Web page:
News source from CTV News
Windsor’s top cop hopes to see new federal funding flow to the border city.
Federal Minister of Public Safety and Emergency Preparedness Ralph Goodale and Minister of Border Security and Organized Crime Reduction Bill Blair announced an investment of $86 million to help the Royal Canadian Mounted Police and the Canada Border Services Agency combat gun and gang violence.
$51.5 million will go to enhance border security. The CBSA will receive that funding over a five-year period to help prevent firearms from coming into the country illegally.
Officials say the initiative to Take Action Against Gun and Gang Violence is focused on smart solutions to make Canadian communities safer.
“Tackling illegal trafficking of firearms is an important first step in eradicating gun and gang violence,” says Blair. “Our frontline law enforcement officers in the CBSA and RCMP do extraordinary work.”
Windsor police chief Al Frederick hopes to see funding specifically for this city.
“Windsor being on the border with the busiest border crossing in North America, we by definition fit the description of a unique community,” says Frederick.
Frederick says extra money would help the local force enhance its own “smart” crime fighting technologies, and restore the drugs and guns unit to full strength.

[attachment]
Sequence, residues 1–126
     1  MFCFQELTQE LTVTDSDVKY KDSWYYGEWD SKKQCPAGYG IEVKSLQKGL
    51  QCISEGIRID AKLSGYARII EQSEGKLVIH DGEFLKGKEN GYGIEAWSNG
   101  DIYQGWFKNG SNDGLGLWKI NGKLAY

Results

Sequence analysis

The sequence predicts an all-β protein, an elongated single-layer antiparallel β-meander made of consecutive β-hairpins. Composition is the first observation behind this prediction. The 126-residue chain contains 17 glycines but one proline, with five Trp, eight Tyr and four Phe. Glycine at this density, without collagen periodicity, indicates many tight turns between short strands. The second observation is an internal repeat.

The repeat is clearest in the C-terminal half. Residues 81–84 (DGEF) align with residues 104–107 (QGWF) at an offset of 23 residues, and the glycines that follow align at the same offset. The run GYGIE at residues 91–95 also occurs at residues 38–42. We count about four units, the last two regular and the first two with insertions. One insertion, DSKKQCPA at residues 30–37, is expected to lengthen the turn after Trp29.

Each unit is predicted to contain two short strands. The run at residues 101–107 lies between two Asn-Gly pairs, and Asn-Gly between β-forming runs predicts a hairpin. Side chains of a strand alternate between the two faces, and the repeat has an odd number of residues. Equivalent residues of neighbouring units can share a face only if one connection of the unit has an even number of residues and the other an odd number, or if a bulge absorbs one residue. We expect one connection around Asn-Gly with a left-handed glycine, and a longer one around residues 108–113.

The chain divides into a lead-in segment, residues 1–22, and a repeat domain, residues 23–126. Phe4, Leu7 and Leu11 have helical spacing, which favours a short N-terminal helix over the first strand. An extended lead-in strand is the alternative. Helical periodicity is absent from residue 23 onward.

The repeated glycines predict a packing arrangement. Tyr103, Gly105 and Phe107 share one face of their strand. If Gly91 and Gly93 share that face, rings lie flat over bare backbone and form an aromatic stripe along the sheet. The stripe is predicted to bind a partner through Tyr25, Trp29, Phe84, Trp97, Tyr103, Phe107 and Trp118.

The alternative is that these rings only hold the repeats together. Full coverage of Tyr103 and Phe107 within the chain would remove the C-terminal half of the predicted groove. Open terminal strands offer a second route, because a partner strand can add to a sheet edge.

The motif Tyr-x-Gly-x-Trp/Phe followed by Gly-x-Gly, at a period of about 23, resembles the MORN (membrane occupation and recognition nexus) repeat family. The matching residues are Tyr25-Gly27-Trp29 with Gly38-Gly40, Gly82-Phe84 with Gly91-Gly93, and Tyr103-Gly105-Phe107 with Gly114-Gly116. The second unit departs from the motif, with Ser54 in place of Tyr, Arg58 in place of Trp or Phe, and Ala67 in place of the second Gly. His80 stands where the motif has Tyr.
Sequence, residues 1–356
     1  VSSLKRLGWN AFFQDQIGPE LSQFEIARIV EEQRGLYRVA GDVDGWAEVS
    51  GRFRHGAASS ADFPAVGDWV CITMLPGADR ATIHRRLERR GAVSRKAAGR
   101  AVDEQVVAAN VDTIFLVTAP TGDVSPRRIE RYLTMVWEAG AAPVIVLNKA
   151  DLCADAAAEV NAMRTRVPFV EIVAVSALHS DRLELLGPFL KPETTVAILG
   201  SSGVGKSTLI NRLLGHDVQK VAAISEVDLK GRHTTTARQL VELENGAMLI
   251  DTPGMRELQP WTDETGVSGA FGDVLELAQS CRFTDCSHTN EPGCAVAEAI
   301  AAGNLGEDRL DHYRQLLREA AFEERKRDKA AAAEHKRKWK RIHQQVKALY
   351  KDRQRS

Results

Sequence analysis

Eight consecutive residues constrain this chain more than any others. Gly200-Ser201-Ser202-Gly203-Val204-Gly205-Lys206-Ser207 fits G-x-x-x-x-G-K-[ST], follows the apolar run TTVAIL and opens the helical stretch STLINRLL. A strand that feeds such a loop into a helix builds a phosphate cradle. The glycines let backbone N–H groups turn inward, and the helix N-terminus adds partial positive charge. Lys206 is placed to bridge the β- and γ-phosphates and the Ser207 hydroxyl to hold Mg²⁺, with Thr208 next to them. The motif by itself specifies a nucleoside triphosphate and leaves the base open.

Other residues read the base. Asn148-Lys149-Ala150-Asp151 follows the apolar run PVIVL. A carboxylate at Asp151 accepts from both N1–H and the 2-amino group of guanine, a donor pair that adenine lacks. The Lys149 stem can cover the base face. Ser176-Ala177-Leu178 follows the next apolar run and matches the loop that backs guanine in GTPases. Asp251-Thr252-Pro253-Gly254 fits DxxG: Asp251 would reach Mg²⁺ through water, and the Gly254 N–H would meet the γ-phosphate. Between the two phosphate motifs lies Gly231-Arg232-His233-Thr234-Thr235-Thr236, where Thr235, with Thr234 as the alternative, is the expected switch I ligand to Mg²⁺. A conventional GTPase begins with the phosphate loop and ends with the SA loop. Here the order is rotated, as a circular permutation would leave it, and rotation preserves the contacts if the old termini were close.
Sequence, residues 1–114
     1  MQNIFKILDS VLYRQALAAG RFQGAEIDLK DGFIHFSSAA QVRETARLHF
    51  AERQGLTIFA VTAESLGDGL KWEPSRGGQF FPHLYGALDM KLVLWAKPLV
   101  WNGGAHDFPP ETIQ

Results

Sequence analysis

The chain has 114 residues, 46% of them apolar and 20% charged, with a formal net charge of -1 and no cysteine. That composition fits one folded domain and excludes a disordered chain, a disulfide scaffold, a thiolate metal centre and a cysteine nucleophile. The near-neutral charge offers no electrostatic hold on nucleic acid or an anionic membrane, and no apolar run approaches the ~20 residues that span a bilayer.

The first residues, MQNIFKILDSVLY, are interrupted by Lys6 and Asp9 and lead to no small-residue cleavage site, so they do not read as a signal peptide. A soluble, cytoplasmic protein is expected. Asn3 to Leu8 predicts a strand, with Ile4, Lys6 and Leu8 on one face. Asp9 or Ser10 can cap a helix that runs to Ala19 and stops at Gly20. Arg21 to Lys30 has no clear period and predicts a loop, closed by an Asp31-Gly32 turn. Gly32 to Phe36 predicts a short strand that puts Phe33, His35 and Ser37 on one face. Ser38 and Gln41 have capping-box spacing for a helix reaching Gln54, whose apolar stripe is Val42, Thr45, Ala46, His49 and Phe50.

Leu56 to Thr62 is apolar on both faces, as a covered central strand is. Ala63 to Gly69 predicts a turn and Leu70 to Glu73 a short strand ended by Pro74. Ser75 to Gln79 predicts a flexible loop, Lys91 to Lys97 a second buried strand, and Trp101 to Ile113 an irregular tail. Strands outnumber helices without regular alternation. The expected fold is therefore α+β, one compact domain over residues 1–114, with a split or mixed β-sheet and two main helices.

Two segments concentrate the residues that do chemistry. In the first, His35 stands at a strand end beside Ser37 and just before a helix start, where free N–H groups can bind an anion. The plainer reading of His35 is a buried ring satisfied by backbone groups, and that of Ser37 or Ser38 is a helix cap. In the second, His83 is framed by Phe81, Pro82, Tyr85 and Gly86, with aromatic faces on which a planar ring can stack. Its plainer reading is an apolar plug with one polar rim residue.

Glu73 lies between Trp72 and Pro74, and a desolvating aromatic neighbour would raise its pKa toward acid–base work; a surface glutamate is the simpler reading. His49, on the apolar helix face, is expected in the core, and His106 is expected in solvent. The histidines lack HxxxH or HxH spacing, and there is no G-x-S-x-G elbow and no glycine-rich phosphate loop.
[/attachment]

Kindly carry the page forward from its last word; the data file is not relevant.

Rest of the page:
Windsor police have investigated ten deaths in 2018 – nine homicides and one case of manslaughter – and three of them involved shootings.
Mayor Drew Dilkens said during the election campaign that the city needs support from upper levels of government to fight crime.
“This is not a solution that can only be done with municipal dollars,” said Dilkens. “It has to come with federal support and provincial support as well.”
The CBSA will invest in an all-weather detector dog training facility, deploy new dog teams at key highway crossings, expand x-ray technology at postal centers and air cargo facilities, and provide training on the detection of concealed goods in vehicles crossing our borders.
Officials say $34.5 million over five years will also be used to enhance the RCMP’s new Integrated Criminal Firearms Initiative (ICFI). The ICFI includes building capacity for investigations, training, inspections, technology, and intelligence.
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